A Letter: Or, Much Overdue About Nothing

Hi All:

It’s been some time since I last posted. Yes, still breathing. Just wanted to fill you in on the latest deets:

The garden is pitched for bounty. I am nursing balloon flower starts, a hydrangea, and a clematis from the Merritt College plant sale. Tomatoes as usual. Garlic almost ready to pull. Yesterday picked the last of the favas, and sold what I thought I wouldn’t eat to Pizzaiolo, which is a restaurant down the street. And I’m trying to keep up with the calendula to make a skin salve for my new company.

Because guess what? I am starting a jam business! I have a dream of selling jams and garden salves,  dried flower garlands, and smudge sticks. I just filled out my business license paperwork last week. It’s called Wind-up Preserves.  I’ve been busy today cooking up some Honey Rich Apriums (aprii? it isn’t clear what the plural of aprium is) from Blossom Bluff with a touch of honey and vanilla. It’s a little earthy, with a bright sweet note from Bay Area Bee Company honey. Stay tuned to find out where to purchase my homemade, tiny-batch jams and marmalades.

A month ago, I finished the first draft of my novel, The School of Velocity, a coming of age novel about an awkward, ugly duckling of a high school kid who falls in love with her piano teacher.

I’m continuing to write my monthly review for the Examiner, and have also started a series of articles for Oakland Magazine about seasonal produce. Check out the latest, on my favorite berries at the farmers market, Swanton Chandlers.

I have also started to contribute to Gardenista. I’ve written about Flowerland, the Academy of Sciences’ Rooftop Garden and Pollinate. I absolutely love writing for Gardenista — it’s a dream job for me.

I’m living the life! Every day is a busy one, filled with gardening, preserving, and writing. Life is a pleasure. I owe much of this pleasure to Healing For People, an energy healing center. Its Energy Boundary Class — about not being influenced by crowds, and angry drivers, and the like — is amazing and life changing. I really think people should try them on for size. It sounds woo-woo, but they’re very matter of fact, not very crystally, and they aren’t going to try to initiate you into a cult. Or be like, that weird sort of happy that’s just a sort of high. It’s a wonderful thing and I want more people to know about it.

Off for a glass of Rose in the garden. And then I’m making ice cream. There’s a bunch of left over holdings from last summer’s fruit, in the freezer. Time to put it to work.

Pics soon.

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To Squeeze a Peach

A new box of peaches at the Blossom Bluff stand is a thing to behold, because they are packed with care. Blossom Bluff gives peaches dignity. Each peach is set, shoulders down, their little peaks seeming to look toward the same place, blushing. They are as perfect as a work of art.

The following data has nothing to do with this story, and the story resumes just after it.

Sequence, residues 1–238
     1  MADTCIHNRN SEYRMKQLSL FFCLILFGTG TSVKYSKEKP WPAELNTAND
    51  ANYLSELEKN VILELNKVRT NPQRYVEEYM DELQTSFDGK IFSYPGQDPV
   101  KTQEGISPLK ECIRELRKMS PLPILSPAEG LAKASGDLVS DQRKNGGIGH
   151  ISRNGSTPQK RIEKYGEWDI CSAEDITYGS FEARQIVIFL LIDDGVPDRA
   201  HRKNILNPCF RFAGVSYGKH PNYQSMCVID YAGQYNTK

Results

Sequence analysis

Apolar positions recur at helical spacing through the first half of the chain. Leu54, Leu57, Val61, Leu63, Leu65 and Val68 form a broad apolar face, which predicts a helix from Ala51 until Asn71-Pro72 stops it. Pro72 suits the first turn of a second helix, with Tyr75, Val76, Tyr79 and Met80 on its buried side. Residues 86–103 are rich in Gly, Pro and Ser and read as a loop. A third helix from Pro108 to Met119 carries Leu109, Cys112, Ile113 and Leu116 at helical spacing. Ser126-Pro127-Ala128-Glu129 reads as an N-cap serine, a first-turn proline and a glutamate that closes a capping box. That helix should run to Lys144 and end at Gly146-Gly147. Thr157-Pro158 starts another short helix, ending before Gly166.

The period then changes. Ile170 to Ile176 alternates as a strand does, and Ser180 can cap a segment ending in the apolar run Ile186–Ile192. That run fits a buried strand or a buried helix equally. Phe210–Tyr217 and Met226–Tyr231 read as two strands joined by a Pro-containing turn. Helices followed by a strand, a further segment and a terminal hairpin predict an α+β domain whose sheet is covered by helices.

I cringed at my first Saturday market, working at the Blossom Bluff stand,  when customers would squeeze the peaches, like baseballs they were about to pitch. As if they couldn’t feel their softness by the way it felt in their hands.

Overripeness is a condition in which the peach (or apricot) is about to melt apart, burst the bounds of its skin and overflow. You can almost feel your fingers making indentations in it. The weight of the peach presses on you, not you on it.

Unripeness means a certain resoluteness in its retaining of its shape. It is colder in its approach to your hand.

A ripe peach gives. It speaks to the skin of your palm. There is an exchange, between your test and its give, without you having to squeeze.

Squeezing a peach is a test all peaches will fail. Who cares if it fails the test, and all your fingers have left its mark irrevocably? The day warms, the squeezed peach ripens, and the bruises appear. Later, when the market is over, I’ll take it home for free, unsellable, and eat what’s left behind, what’s still good.

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Postcard: Philadelphia

In the middle of my trip to New York, I stopped in Philly to see my friends Matt and Sally. I’ve never been to Philadelphia, home of the Liberty Bell, which I didn’t see.

Matt: “It’s about my height and it’s cracked. It’s not much, really.” (on the Liberty Bell).

I thought Philadelphia was pretty.

Trees in April.

Trees in April.

Matt: “That’s because we’re stopping through Bryn Mawr on the way home. Otherwise, you’d have seen the big dump. And the smoke stack.”
Other things we did: eat the crispiest Peking duck I’ve ever had, at Sangkee Duck House; Magic Gardens, which looked like Brautigan’s iDeath from In Watermelon Sugar; Go West craft market, which took place in a cemetery which leant it a slightly creepy vibe; get insulted by a Mainliner at White Dog; discuss whether winking is ever a good idea. Sally: “I don’t know. It’s mostly bad.” Matt: “No, never.” Me: “Winking is bad?”